How to check how many threads node.js is using on Linux?

We all know Node is single threaded, however, it's single threaded for a client (to you as a programmer), but the platform itself is multi-threaded (internally). In order to check how many threads your node is using on Linux machine you have 3 different options:

1.
cat /proc/`pidof node`/status | grep Threads

2.
ls /proc/19899/task/ | wc -l

3.
ps hH p `pidof node` | wc -l


Sometimes, it come in handy when you want to automate the load monitoring for example.

What If you want to to determine whether is 64bit or 32bit node executable installed?

You can try 3 following options:

1) Run node cli and type there:
require('os').arch()

3) Or type there:
process.arch

3) Or type there:
process.env.PROCESSOR_ARCHITECTURE


One of them will work for sure! (The latest one doesn't work on my Macbook but does on Win10 machine)

Mongoose 4.0.2 doesn't create indexes

Mongoose 4.0.2 doesn't create indexes automatically for some reason despite of its docs.
So I've found if you add {autoIndex: true} as it's shown bellow, it solves the issue.


var path = require('path');

module.exports = function (mongoose) {
    var Schema = new mongoose.Schema({
        name: {type: String, trim: true, required: true},
        uuid: {type: String, required: true, unique: true, index: true},
        device: {type: mongoose.Schema.Types.Mixed},
        updated_at: {type: Date, default: Date.now}
    }, {autoIndex: true});
    return mongoose.model(path.basename(module.filename, '.js'), Schema);
};

How JSONP works

JSONP is really a simple trick to overcome the XMLHttpRequest same domain policy. (As you know one cannot send AJAX (XMLHttpRequest) request to a different domain.)

So — instead of using XMLHttpRequest we have to use script HTML tags, the ones you usually use to load js files, in order for js to get data from another domain. Sounds weird?

Thing is — turns out script tags can be used in a fashion similar to XMLHttpRequest! Check this out:
script = document.createElement('script');
script.type = 'text/javascript';
script.src = 'http://www.someWebApiServer.com/some-data';


You will end up with a script segment that looks like this after it loads the data:
<script>
   {['some string 1', 'some data', 'whatever data']}
</script>


However this is a bit inconvenient, because we have to fetch this array from script tag. So JSONP creators decided that this will work better(and it is):

script = document.createElement('script');
script.type = 'text/javascript';
script.src = 'http://www.someWebApiServer.com/some-data?callback=my_callback';


Notice the my_callback function over there? So — when JSONP server receives your request and finds callback parameter — instead of returning plain js array it'll return this:
my_callback({['some string 1', 'some data', 'whatever data']});


See where the profit is: now we get automatic callback (my_callback) that'll be triggered once we get the data.
That's all there is to know about JSONP: it's a callback and script tags.

NOTE: these are simple examples of JSONP usage, these are not production ready scripts.

Basic JavaScript example (simple Twitter feed using JSONP)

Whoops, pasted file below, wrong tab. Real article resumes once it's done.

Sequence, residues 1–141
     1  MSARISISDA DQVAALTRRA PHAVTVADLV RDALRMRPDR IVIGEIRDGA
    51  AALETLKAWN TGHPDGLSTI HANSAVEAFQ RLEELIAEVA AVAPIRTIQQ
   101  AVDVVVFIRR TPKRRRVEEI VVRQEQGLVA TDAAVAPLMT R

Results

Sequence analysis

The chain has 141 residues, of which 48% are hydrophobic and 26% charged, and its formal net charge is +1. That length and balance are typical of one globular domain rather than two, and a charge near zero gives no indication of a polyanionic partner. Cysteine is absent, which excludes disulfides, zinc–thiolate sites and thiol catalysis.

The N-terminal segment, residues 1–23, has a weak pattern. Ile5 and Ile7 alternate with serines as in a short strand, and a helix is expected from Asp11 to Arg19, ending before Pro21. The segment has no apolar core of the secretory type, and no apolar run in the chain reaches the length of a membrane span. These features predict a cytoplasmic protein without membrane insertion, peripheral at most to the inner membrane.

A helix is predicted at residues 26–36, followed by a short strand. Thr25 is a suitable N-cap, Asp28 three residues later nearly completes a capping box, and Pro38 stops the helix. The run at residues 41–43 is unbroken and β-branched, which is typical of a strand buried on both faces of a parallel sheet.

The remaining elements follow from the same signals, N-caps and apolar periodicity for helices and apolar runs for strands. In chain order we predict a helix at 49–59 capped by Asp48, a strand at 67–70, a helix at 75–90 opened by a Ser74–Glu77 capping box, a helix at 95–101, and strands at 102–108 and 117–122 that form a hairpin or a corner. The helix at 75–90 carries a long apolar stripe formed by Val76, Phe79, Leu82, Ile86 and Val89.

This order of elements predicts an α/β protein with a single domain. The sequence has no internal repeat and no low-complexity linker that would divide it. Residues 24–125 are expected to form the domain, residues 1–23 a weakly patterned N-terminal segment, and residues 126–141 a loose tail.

<html>
    <head>
    </head>
    <body>
        <div id = 'twitterFeed'></div>
        <script>
        function myCallback(dataWeGotViaJsonp){
            var text = '';
            var len = dataWeGotViaJsonp.length;
            for(var i=0;i<len;i++){
                twitterEntry = dataWeGotViaJsonp[i];
                text += '<p><img src = "' + twitterEntry.user.profile_image_url_https +'"/>' + twitterEntry['text'] + '</p>'
            }
            document.getElementById('twitterFeed').innerHTML = text;
        }
        </script>
        <script type="text/javascript" src="http://twitter.com/status/user_timeline/padraicb.json?count=10&callback=myCallback"></script>
    </body>
</html>


Basic jQuery example (simple Twitter feed using JSONP)

<html>
    <head>
        <script type="text/javascript" src="https://ajax.googleapis.com/ajax/libs/jquery/1.6.2/jquery.min.js"></script>
        <script>
            $(document).ready(function(){
                $.ajax({
                    url: 'http://twitter.com/status/user_timeline/padraicb.json?count=10',
                    dataType: 'jsonp',
                    success: function(dataWeGotViaJsonp){
                        var text = '';
                        var len = dataWeGotViaJsonp.length;
                        for(var i=0;i<len;i++){
                            twitterEntry = dataWeGotViaJsonp[i];
                            text += '<p><img src = "' + twitterEntry.user.profile_image_url_https +'"/>' + twitterEntry['text'] + '</p>'
                        }
                        $('#twitterFeed').html(text);
                    }
                });
            })
        </script>
    </head>
    <body>
        <div id = 'twitterFeed'></div>
    </body>
</html>

JSONP stands for JSON with Padding.

© ThatGuy

The "open with" context menu shows twice the same item fix

If you get something like:



The following command could help this issue, just copy paste this whole line into your terminal

/System/Library/Frameworks/CoreServices.framework/Frameworks/LaunchServices.framework/Support/lsregister -kill -r -all s,l,u; killall Finder

Really crazy Javascript's Fibonacci implementation

Run it in console and see it's really working :)


  var fib = function (_) {
      for(_=[+[],++[[]][+[]],+[],_],_[++[++[++[[]][+[]]][+[]]][+[]]]=(((_[++[++[++[[]][+[]]][+[]]][+[]]]-(++[[]][+[]]))&(((--[[]][+[]])>>>(++[[]][+[]]))))===(_[++[++[++[[]][+[]]][+[]]][+[]]]-(++[[]][+[]])))?(_[++[++[[]][+[]]][+[]]]=++[[]][+[]],_[++[++[++[[]][+[]]][+[]]][+[]]]-(++[[]][+[]])):+[];_[++[++[++[[]][+[]]][+[]]][+[]]]--;_[+[]]=(_[++[[]][+[]]]=_[++[++[[]][+[]]][+[]]]=_[+[]]+_[++[[]][+[]]])-_[+[]]);
      return _[++[++[[]][+[]]][+[]]];
  }

  console.assert(fib(-1) === 0);
  console.assert(fib(0) === 0);
  console.assert(fib(1) === 1);
  console.assert(fib(2) === 1);
  console.assert(fib(3) === 2);
  console.assert(fib(4) === 3);
  console.assert(fib(5) === 5);
  console.assert(fib(6) === 8);
  console.assert(fib(7) === 13);
  console.assert(fib(32) === 2178309);
  console.assert(fib(46) === 1836311903);
  console.assert(fib(47) === 2971215073);
  console.assert(fib(63) === 6557470319842);

  console.log('done!');


More could be found at: wtfsjs

Twisted logic: understanding truthy and falsy

An upcoming article I'll be doing for Smashing Magazine will look at the oddities and gotchas of Javascript — and lordie does it have a few.